Do you know that a blood infection can be due to a bacterial infection in your blood?
Blood infection or Sepsis is a serious infection and can occur when bacteria are in your bloodstream.
Sepsis is a potentially life-threatening condition that occurs when your body responds to an infection.
When the infection-fighting process turns on your body, it can cause organs to function poorly and abnormally.
Moreover, sepsis can progress to septic shock. It can cause a drop in blood pressure that can lead to severe organ problems and death.
Early treatment with antibiotics and intravenous improves your chance of survival.
However, understanding your risk is the first step in preventing the condition.
Keep on reading to learn more about it in detail.
Causes of Blood Infection
Blood infection occurs when bacteria causing infection in another part of your body enter your bloodstream.
The presence of bacteria in the blood is referred to as bacteremia or septicemia.
The terms “septicemia” and “sepsis” are often interchangeable, though technically they are not quite the same.
Moreover, Septicemia is the state of having bacteria in your blood and can lead to sepsis.
Sepsis, on the other hand, is a severe and often life-threatening state of infection if you do not get treatment in time.
However, any type of infection can cause sepsis.
It can be either bacterial fungal or viral.
And these infections agents do not necessarily need to be in your bloodstream to bring about sepsis.
Such infection often occurs in the lung, abdomen, and urinary tract.
Sepsis happens if you are in a hospital, where the risk of infection is already higher.
Blood poisoning often occurs when bacteria enter your bloodstream in the conjunction with another infection, you will not have sepsis without having an infection.
Some common causes of infections that can also lead to sepsis are:
- an infected insect bite
- abdominal infection
- central line infection like from a dialysis catheter or chemotherapy catheter
- dental extractions or infected teeth
- kidney or unitary tract infection
- exposure of a covered wound to bacteria during a surgical recovery
- not changing a surgical bandage frequently enough
- exposure of any open wound to the environment
- skin infection
- infection by drug-resistant bacteria
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Who is at the risk for Blood Infections?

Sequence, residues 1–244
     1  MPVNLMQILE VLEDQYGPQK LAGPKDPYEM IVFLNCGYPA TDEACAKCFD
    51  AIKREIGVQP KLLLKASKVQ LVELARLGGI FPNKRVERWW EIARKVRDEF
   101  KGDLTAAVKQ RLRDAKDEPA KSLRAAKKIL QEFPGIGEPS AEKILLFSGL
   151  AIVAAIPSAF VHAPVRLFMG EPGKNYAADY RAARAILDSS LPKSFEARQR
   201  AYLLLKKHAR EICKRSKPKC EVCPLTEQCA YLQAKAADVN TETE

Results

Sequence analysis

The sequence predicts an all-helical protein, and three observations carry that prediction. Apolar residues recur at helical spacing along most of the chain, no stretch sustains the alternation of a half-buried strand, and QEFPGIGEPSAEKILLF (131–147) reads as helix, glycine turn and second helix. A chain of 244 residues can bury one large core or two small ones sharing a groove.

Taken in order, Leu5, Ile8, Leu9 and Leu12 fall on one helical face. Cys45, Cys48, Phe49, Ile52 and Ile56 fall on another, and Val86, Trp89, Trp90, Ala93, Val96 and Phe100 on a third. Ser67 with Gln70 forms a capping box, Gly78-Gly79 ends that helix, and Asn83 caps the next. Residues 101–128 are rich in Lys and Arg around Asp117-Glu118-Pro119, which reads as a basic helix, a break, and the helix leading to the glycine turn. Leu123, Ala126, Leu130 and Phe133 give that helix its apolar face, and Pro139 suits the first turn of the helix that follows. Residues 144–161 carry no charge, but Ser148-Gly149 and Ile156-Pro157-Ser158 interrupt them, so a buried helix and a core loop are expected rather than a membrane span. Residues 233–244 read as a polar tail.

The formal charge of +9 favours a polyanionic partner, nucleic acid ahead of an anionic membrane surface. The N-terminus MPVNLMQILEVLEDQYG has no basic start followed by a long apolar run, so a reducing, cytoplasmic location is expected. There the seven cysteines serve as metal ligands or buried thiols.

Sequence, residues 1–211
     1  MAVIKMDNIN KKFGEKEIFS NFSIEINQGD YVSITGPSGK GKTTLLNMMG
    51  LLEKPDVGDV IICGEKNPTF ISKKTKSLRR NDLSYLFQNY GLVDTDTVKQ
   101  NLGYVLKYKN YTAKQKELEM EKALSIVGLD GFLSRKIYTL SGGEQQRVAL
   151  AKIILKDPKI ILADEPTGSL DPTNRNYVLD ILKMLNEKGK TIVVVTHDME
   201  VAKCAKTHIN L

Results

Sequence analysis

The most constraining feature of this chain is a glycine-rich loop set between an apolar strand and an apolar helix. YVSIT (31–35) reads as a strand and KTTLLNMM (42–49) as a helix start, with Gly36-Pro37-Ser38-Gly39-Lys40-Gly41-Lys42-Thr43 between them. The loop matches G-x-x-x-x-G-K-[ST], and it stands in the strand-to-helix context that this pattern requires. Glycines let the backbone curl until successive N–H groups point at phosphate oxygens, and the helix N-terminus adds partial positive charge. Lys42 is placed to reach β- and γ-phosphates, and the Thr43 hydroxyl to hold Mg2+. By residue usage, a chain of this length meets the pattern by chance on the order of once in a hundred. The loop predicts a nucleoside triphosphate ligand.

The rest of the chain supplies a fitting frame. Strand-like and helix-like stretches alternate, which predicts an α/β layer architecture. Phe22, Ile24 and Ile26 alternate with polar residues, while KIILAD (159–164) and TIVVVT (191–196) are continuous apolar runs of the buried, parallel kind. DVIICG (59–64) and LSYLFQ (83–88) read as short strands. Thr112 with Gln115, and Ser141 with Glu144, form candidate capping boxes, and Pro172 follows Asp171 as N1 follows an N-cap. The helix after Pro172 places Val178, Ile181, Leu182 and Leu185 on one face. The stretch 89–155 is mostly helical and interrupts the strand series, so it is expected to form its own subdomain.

Some individuals are more respectable than others to sepsis.
Those who are at a higher risk are:
People with weakened immune systems like those with HIV, AIDS, or leukemia.
Moreover, older adults young children, and those who use a catheter have a higher risk.
People who use intravenous drugs like heroin, with poor dental hygiene, and those who had a recent surgery or dental work.
Furthermore, those who are working in an environment with great exposure to bacteria or viruses like in hospitals or outdoors.
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Recognizing the Symptoms of Blood Infections
Some of the signs and symptoms of blood infections are:
Chills, moderate or high fever, weakness,s rapid breathing, increase in the heart rate or palpitations, and paleness of the skin, especially in the face.
Some of these symptoms are also associated with the flu or other illnesses.
However, if you just had surgery or you are recovering from a wound, it is important that you call your doctor immediately after experiencing these possible signals of blood infection.
Some of the advanced symptoms of blood poisoning are:
Confusion, organ failure, shock, and little to no urination.
Moreover, you may also experience red spots on your skin that may grow larger and look like big, purple bruises.
It is important to note that blood infection can also lead to respiratory distress syndrome and septic shock.
If you do not get treatment right away, these complications can lead to death.
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Septicemia vs. Sepsis
Septicemia and sepsis are not the same conditions.
Though you might think that the terms are interchangeable, sepsis is a serious complication of septicemia.
Sepsis causes inflammation throughout your body and this inflammation can cause blood clots.
Moreover, it can also block oxygen from reaching your vital organs, resulting in organ failure.
When inflammation occurs with extremely low blood pressure, it is Septic Shock.
Septic shock is fatal in most cases.
According to the Centers for Disease Control and Prevention, CDC, over 1.7 million adults in the United States develop sepsis each year.